Axion electrodynamics in a topological insulating crystal.
Understanding unconventional magnetic order in a candidate axion insulator by resonant elastic x-ray scattering.
Nature Communications, 14, 3387 (2023).
Researchers from the Laboratory for Quantum Magnetism working alongside international collaborators from Oxford, Dresden and Hamburg have identified a crystalline solid which satisfies the requirements to host an exotic axionic electrodynamic field. The work could make it possible to observe axion-like quasiparticles in the solid state, as well as laying the ground for a new type of dark matter detector.
Axions are a type of fundamental particle first proposed in 1977 to resolve the so-called strong CP problem in the Standard Model of particle physics. Axions have also emerged as one of the prime candidates for the dark matter required to account for the missing mass in the Universe. So far, however, axions have yet to be observed in nature.
Recently, several theoretical studies have predicted that a quantized axion field that is absent from the usual Maxwell’s equations in media can occur within certain three-dimensional crystals, called axion insulators. The electronic spectrum of such a material is insulating within the bulk and on the surface due to an inversion of the electronic states relative to the atomic energy levels combined with magnetic order. To create the necessary condition for the axion field to exist, the magnetic order must satisfy stringent symmetry conditions.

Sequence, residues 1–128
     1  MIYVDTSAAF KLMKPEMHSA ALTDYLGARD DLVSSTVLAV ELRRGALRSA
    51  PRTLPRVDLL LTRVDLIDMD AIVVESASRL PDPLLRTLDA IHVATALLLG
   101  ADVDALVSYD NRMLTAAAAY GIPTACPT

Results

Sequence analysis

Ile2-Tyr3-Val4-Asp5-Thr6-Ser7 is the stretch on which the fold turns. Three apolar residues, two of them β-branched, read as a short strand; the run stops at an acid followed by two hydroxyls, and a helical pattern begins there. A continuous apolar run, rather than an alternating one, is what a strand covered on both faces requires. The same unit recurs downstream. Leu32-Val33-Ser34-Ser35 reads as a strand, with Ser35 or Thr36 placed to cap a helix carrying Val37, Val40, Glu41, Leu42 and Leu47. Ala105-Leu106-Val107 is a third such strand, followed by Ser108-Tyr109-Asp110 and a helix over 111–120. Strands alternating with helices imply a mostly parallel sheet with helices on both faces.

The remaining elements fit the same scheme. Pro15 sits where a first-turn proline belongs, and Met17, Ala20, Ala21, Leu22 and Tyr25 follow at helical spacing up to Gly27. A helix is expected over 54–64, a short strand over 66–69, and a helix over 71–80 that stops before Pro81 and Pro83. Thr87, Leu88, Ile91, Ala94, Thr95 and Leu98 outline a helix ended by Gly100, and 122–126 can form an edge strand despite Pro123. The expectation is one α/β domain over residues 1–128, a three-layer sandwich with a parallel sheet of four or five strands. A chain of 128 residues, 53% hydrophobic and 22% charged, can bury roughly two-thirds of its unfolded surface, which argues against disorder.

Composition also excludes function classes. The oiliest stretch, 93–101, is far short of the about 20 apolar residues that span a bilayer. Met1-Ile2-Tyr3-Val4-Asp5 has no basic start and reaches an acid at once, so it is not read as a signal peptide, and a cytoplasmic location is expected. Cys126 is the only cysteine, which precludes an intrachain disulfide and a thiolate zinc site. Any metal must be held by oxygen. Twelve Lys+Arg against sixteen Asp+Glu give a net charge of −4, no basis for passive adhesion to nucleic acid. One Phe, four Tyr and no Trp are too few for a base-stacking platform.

The team, which included Dr Jian-Rui Soh, Professor Henrik M. Rønnow and Professor Frédéric Mila investigated a compound containing europium, indium and arsenic, with chemical formula EuIn2As2. They performed resonant x-ray scattering experiments at the Diamond Light Source, near Oxford, and at the PETRA-III facility in Hamburg, to study the magnetic pattern adopted by the europium electrons at low temperatures.
The experiments showed that magnets attached to the europium atoms self-organise into an unusual type of helical pattern, like a screw thread, which undergoes a scissor-like motion as the temperature increases. The team developed a theory that low energy vibrations of the helix cause the change in the structure with temperature. Importantly, the magnetic helix established in the experiments possesses the symmetries required for EuIn2As2 to be an axion insulator.
ERC Synergy grant HERO under the Grant ID 810451